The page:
I ran across this fascinating little column by Denis Prager in the L.A. Times. It details what I would label as a postmodern ethical trend in public schools. He tells the story of asking a room full of high school students if they would steal from a department store if they were sure they would not get caught. In front of cameras taping for a syndicated pilot, the majority of them raised their hands. Based on this and his experience speaking to youth, Prager draws a handful of conclusions regarding public education and moral development. The whole article is worth a read, but a couple of points in particular stood out to me.
In these two conclusions Prager notes how morality is abstracted to the social level and not applied on an individual level, and that when moral demands are made of individuals they regard health and not personal vice and virtue. In his words:
To the extent that schools deal with right and wrong, it is in the arena of social values, not personal behavior. Students are taught what the schools deem correct positions on matters of social concern — such as war, the environment, social justice — but little about personal integrity. At the entrance of a highly regarded Los Angeles public school, there is a sign calling for world peace in four languages. Other signs on campus similarly exhort students to adopt various social positions. Not one sign addresses self — as opposed to social — amelioration.
To the extent that demands are made on young people, they concern health, not integrity and character. Smoking, for instance, is villainized. Copying software, downloading music without paying for it, cheating on tests, lying on insurance claims are not.
Now, the things decried in these two points ought to be decried. The problem is that they are moral points pressed to the exclusion of personal virtue.
I call this a postmodern moral condition for a couple of reasons. First, because postmodern morality is inherently relativistic, all individuals are exempt from moral judgment and are then by definition “good.” Secondly, and ironically, in our postmodern milieu, it is popular to make a certain type of moral judgment-namely judgments that are relatively nebulous and corporate in scale. So, it is commonplace to hear pollution, greed, violence and the like labeled as “bad,” but never connected to personal moral evil. A typical exception may be the moral hypocrisy of labeling big-business leaders as evil but failing to label the same evil traits in others as evil. Thus it appears that evil is a function of influence and not of personal vice. Moral relativism is the kind of view that is not only self referentially destructive, but it also destroys the rational capacities of those who adhere to it.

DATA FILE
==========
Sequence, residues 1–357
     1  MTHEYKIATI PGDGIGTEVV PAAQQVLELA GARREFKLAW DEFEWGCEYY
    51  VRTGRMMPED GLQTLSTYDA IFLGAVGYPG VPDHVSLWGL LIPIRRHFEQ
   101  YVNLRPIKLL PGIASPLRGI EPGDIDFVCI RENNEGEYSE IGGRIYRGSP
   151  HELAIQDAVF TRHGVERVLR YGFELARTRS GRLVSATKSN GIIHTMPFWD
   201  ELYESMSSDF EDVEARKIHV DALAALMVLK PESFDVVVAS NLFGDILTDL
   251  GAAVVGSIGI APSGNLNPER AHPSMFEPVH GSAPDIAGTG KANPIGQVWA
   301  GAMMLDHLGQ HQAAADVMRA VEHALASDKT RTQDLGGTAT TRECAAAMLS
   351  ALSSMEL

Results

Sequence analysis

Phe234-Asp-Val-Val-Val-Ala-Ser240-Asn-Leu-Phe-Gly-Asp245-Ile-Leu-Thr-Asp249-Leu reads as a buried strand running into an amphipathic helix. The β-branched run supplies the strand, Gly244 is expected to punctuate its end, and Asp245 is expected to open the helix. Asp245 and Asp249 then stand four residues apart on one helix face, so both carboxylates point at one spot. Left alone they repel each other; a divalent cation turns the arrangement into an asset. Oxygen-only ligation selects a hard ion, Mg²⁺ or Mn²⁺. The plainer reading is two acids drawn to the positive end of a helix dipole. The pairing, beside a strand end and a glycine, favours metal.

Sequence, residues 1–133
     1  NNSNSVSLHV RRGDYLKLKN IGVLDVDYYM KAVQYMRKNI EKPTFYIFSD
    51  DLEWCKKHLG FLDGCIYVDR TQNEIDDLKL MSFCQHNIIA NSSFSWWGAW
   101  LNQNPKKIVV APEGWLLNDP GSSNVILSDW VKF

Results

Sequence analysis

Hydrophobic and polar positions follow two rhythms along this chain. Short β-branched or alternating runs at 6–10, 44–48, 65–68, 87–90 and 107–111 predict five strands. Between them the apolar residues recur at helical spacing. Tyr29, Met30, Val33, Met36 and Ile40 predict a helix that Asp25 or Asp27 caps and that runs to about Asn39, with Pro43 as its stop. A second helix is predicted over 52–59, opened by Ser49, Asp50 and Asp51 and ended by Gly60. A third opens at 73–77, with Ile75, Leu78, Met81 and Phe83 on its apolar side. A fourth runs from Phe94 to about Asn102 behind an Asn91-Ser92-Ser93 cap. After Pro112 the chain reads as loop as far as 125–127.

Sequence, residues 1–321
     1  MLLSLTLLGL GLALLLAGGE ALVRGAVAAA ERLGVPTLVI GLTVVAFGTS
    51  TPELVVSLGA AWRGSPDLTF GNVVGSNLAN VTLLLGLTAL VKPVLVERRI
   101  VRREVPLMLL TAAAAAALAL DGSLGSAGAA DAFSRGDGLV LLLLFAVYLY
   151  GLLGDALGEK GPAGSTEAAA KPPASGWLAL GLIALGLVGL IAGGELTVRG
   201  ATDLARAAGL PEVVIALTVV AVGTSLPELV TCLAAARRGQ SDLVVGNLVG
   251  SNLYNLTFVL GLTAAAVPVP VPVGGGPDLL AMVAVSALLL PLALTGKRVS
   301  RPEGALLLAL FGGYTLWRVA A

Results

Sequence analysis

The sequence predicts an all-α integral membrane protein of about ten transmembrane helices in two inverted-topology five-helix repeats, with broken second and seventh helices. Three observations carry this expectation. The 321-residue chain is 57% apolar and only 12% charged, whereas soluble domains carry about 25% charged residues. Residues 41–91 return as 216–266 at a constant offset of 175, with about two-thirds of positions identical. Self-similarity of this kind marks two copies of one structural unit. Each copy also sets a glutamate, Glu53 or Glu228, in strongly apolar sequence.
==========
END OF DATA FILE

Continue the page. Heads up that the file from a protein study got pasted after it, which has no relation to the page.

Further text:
Thus, in Prager’s example, the youth were able to justify personal vice because they viewed a certain type of corporate entity as evil.
The Christian ethic is clear: societies, groups, corporations, etc., can commit evil, but culpability ultimately rests on individuals. What was the Nazi regime but a collection of individuals, some of which were so evil and influential they were able to illicit tremendous evils from others? Look at this from the angle of retribution or the enactment of justice for evil committed by a regime. The Nuremberg trials did not condemn Nazism to the gallows-it condemned several individuals. How is a collective to be punished if not individual by individual?
In addition, the Christian ethic explains how corporate evils come to be: they are the result of individuals making evil or sinful decisions. Individuals have within them the capacity for great sin, and thus their influence sometimes leads to great evils on large scales.
It is moral cowardice to selectively label collectives as evil and not recognize or acknowledge the potential evil inherent in each and every individual. It is the equivalent of naming everything we personally favor as “good” and everything we personally dislike as “evil.” When that happens, both words become vacuums of meaning, infinitely malleable and ultimately completely useless.